A new study by Houston Methodist scientists finds that a protein linked to ovarian cancer may contribute to the development of Alzheimer’s disease. The study, led by Dr. Stephen Wong, may hold implications for future Alzheimer’s disease research.
The protein is known as OCIAD1 (ovarian cancer immune-reactive antigen domain containing 1), and was previously discovered to have an effect on ovarian cancer metastasis — the process of cancer growth. But it turns out OCIAD1 is also found in the brain, where it appears to impair neurons and synapses, subsequently contributing to neurodegeneration. The study was published in the online journal EBiomedicine.
How OCIAD1 Affects the Brain
Researchers combed through archived data on brain tissue from deceased Alzheimer’s disease patients and employed mouse models to conduct the study. They concluded that OCIAD1 seems to contribute to neurodegeneration in the brain by impairing mitochondria.
Mitochondria, commonly referred to in science textbooks as the “powerhouse” of the cell, are organelles that provide every cell in the body with energy. Mitochondria are also crucial in supporting neuron function, and it’s well-known that their decline is often associated with aging and dementia. They’ve been examined for their therapeutic potential in treating Alzheimer’s in the past.
The recent results show that OCIAD1 contributes to Alzheimer’s disease by impairing the function of mitochondria within brain cells. Damage to these organelles leads to cell death, resulting in widespread neuron damage.
Finding a link between OCIAD1 and mitochondria decline provides scientists with yet another clue for what may cause Alzheimer’s, and helps piece together the complicated factors in play during neurodegeneration.
“We applied a system biology strategy to see if we could find a different mechanism of neurodegeneration in Alzheimer’s disease,” Xuping Li, a co-author of the study and an instructor in Wong’s group, said in a news release. “We identified OCIAD1 as a new neurodegeneration-relevant factor, predicted its function and demonstrated it mediates the long-term impact of amyloid-beta on cells and synaptic damages by impairing mitochondria function.”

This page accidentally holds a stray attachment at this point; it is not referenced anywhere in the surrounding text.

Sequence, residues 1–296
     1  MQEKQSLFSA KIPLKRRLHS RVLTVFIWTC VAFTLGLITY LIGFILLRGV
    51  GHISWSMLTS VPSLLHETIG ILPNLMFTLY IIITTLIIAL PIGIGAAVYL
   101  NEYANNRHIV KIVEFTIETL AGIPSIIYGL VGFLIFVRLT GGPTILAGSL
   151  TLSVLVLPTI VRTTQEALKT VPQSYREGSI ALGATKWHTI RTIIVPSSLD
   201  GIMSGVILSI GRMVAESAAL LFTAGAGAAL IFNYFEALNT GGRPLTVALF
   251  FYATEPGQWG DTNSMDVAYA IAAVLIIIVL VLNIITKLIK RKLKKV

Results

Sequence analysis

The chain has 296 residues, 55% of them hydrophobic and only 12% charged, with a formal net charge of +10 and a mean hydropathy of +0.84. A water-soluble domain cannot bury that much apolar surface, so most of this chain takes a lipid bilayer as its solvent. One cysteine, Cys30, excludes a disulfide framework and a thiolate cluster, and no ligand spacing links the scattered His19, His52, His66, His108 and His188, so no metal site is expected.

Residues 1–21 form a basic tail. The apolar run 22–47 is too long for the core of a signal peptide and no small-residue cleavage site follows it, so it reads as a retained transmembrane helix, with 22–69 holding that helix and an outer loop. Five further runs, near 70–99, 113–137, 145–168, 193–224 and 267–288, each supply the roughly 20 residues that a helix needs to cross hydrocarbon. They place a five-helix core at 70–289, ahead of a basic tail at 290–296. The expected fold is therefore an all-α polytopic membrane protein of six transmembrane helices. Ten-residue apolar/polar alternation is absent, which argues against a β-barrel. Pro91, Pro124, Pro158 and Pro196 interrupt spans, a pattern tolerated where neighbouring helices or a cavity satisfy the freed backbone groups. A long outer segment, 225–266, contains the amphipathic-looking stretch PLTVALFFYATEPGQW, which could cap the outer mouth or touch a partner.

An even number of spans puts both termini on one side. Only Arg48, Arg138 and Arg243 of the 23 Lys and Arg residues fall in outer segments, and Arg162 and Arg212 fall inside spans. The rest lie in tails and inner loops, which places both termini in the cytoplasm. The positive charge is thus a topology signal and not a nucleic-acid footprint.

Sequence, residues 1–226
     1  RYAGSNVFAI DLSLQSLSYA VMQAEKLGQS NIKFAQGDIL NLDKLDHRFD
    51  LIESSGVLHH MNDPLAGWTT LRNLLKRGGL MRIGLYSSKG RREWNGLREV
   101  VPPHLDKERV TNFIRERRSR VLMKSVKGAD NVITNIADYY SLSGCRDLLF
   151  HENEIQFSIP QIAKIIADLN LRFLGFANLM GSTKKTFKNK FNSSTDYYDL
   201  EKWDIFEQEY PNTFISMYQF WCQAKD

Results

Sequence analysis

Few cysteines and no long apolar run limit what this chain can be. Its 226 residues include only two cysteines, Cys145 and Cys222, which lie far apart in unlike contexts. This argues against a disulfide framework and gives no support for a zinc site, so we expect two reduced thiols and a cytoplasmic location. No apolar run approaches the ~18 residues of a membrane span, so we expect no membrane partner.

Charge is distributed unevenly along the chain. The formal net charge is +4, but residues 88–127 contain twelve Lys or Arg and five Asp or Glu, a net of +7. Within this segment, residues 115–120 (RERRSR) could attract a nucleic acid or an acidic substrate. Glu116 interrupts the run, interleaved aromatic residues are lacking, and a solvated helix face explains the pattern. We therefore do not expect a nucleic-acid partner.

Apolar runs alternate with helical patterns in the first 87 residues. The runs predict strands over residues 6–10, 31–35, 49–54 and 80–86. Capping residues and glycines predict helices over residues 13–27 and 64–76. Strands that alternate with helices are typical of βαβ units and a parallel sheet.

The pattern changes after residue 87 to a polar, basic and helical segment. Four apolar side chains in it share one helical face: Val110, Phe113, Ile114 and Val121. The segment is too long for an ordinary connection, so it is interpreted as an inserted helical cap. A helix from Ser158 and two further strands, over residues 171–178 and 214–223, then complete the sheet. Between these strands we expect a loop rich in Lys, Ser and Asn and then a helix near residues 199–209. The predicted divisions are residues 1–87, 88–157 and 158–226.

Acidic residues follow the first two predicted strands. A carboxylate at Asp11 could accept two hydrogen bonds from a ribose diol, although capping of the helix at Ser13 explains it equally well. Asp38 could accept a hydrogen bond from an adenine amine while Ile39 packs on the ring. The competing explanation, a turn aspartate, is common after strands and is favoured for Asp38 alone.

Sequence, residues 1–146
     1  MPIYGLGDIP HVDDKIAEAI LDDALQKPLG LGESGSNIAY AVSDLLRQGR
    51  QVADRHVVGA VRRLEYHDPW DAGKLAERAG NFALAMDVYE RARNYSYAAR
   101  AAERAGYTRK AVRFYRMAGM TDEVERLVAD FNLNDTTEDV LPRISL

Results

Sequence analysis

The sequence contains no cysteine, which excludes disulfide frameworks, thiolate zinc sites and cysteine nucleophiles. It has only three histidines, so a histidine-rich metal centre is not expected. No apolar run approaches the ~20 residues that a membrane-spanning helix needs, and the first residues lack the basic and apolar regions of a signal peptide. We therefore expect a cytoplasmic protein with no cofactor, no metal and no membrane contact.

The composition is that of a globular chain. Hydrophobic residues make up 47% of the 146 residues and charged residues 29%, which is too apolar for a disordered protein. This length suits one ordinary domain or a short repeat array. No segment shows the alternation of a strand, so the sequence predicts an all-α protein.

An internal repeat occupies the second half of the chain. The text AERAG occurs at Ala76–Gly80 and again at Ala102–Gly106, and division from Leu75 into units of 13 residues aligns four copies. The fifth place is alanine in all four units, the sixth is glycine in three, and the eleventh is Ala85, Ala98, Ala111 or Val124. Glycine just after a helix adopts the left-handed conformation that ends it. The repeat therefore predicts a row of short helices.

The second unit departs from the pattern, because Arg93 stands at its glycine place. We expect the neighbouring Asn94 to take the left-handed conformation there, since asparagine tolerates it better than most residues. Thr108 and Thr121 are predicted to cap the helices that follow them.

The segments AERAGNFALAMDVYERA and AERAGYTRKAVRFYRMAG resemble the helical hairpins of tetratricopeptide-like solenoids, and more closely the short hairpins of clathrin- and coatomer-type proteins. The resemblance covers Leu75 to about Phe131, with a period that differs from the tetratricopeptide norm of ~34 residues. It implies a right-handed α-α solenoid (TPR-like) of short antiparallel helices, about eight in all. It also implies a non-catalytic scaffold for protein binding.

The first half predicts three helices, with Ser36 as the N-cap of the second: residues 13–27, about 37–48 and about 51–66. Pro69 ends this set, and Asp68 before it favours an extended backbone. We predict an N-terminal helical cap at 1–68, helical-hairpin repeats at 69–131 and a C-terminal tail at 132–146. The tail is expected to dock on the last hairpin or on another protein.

Exploring New Avenues of Research
Research into Alzheimer’s disease has traditionally been focused on the role of amyloid-beta and tau proteins within the brain: how they develop, how they contribute to the development of Alzheimer’s disease and how they can be removed or prevented from forming. More recent research has trended toward exploring other avenues, an approach that Wong supports.
“Our finding suggests another known protein may be coming into play here, which could help us identify a new therapeutic target one day,” Wong said. “These findings may suggest a different role of the protein amyloid beta in neurodegeneration. Many Alzheimer’s researchers have focused on amyloid beta alone, or connections between amyloid beta and another protein, tau.”
Wong’s group now aims to investigate the role OCIAD1 plays in the relationship between amyloid beta and tau aggregates. If it’s found to have further significance, the protein may become an Alzheimer’s biomarker or treatment target.
“Examining factors that contribute to the progressive decline in people with Alzheimer’s will help us develop diagnostic biomarkers and new therapeutics,” concluded Wong.